Super Symmetrical 

An art gallery to experience symmetry across the centuries.

I chose this one because with the addition of a butterfly it makes this a portrait of complete symmetry.
This audience chair, though probably used to the fullest, is a excellent example of utility art along with symmetry.
Another example of a chair and a hat with almost a mirror like quality between the two halves.
I chose this one because it is an excellent example of symmetry but in a repeatable pattern.
This "wroshack-like" piece of art is simple but beautiful and is an example of symmetry with color rather than the black and white wroshack.
I chose this piece because its excellent hand-painted figures and the gold gives it a good contrast.
I chose this ceremonial robe for a princess because it's colors still seem vibrant to this day and whoever made it put a lot of time into creating it.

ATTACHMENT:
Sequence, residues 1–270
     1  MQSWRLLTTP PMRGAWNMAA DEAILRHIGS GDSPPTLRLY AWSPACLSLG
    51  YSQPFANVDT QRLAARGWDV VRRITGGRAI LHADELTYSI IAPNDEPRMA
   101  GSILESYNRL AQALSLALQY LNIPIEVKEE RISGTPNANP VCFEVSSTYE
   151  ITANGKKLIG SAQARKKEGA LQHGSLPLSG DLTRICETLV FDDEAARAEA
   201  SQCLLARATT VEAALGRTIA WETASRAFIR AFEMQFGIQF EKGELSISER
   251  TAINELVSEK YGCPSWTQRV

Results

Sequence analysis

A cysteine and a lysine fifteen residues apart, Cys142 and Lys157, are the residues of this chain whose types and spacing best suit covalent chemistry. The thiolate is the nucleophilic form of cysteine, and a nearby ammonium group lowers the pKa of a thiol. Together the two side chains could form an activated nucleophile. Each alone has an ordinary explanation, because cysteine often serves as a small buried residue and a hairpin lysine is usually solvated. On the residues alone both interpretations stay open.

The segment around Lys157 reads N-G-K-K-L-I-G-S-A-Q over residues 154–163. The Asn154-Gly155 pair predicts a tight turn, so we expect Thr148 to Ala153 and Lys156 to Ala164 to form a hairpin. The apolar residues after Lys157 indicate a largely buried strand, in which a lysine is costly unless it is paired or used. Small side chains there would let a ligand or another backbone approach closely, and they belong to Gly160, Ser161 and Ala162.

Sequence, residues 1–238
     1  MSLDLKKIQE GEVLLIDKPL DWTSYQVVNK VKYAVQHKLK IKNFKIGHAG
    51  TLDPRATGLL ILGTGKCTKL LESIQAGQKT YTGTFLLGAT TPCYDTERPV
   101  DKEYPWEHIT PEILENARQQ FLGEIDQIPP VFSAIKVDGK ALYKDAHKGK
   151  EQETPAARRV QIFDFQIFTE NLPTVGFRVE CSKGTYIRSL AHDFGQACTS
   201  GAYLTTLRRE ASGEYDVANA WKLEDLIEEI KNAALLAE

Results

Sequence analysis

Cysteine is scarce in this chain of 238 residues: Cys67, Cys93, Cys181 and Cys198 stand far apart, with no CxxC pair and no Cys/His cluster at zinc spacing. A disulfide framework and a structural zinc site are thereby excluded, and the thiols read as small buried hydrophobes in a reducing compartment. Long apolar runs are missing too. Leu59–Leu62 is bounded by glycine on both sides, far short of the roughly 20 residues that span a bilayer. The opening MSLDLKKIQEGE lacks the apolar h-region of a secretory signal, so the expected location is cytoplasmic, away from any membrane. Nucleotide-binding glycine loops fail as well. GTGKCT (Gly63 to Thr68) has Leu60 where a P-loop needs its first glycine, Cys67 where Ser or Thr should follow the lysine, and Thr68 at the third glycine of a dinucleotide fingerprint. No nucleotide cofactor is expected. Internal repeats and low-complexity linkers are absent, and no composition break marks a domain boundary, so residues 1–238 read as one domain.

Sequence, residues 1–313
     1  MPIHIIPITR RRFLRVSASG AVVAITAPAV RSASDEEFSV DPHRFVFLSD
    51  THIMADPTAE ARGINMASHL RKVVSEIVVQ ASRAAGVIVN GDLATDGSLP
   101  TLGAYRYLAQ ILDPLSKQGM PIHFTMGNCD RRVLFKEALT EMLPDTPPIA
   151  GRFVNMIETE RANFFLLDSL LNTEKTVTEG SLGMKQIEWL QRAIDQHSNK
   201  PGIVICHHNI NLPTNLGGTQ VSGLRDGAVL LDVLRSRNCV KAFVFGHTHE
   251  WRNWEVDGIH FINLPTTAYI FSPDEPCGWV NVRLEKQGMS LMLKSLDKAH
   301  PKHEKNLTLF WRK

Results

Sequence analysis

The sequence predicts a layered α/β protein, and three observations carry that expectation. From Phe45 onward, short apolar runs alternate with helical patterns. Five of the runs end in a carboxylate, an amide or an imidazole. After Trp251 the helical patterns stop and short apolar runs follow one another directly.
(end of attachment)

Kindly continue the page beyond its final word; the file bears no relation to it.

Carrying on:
The oldest piece in this collection shows that even in ancient times humans were enthralled by symmetry as much as we are today.
This piece is one of my favorites because the ancient society that made this is was all about alignment and symmetry and it shows in their work that is still around today.
Although this pieces is different than the other because it shows symmetry in a different way, I found that it still had the same appeal as the other works of art in this gallery.
This is my first abstract piece in the gallery but shows symmetry in at different angles coming together as one.
The second abstract piece is more simple than the first one but shows that symmetry can be found in the most simplest works of art.
The last abstract piece in this gallery is more detailed but somehow more simple than the first two abstract pieces.
By far the strangest piece in the gallery has symmetry in nine different squares but has an almost hypnotic quality to it.
The last piece in the collection is a shrine dedicated to 24 lesser kingdoms of that time but uses symmetry and woodworking in such a beautiful manner.
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